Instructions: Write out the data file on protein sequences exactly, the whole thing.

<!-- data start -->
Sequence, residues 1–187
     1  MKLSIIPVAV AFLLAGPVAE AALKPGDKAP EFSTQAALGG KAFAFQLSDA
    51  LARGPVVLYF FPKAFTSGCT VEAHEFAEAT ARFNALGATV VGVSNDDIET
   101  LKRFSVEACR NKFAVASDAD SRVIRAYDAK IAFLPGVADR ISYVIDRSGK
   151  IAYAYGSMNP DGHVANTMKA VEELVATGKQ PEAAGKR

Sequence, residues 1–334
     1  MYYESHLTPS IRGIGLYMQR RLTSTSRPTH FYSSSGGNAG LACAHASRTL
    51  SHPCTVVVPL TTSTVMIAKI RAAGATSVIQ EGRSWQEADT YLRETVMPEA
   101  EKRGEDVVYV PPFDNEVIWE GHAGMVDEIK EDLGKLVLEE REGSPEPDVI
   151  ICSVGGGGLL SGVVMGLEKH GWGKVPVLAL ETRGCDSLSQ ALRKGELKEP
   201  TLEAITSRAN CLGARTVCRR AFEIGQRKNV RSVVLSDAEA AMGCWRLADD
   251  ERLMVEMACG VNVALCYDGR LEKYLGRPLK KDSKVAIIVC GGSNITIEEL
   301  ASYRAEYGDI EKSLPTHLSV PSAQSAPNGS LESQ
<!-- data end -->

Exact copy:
Sequence, residues 1–187
     1  MKLSIIPVAV AFLLAGPVAE AALKPGDKAP EFSTQAALGG KAFAFQLSDA
    51  LARGPVVLYF FPKAFTSGCT VEAHEFAEAT ARFNALGATV VGVSNDDIET
   101  LKRFSVEACR NKFAVASDAD SRVIRAYDAK IAFLPGVADR ISYVIDRSGK
   151  IAYAYGSMNP DGHVANTMKA VEELVATGKQ PEAAGKR

Sequence, residues 1–334
     1  MYYESHLTPS IRGIGLYMQR RLTSTSRPTH FYSSSGGNAG LACAHASRTL
    51  SHPCTVVVPL TTSTVMIAKI RAAGATSVIQ EGRSWQEADT YLRETVMPEA
   101  EKRGEDVVYV PPFDNEVIWE GHAGMVDEIK EDLGKLVLEE REGSPEPDVI
   151  ICSVGGGGLL SGVVMGLEKH GWGKVPVLAL ETRGCDSLSQ ALRKGELKEP
   201  TLEAITSRAN CLGARTVCRR AFEIGQRKNV RSVVLSDAEA AMGCWRLADD
   251  ERLMVEMACG VNVALCYDGR LEKYLGRPLK KDSKVAIIVC GGSNITIEEL
   301  ASYRAEYGDI EKSLPTHLSV PSAQSAPNGS LESQ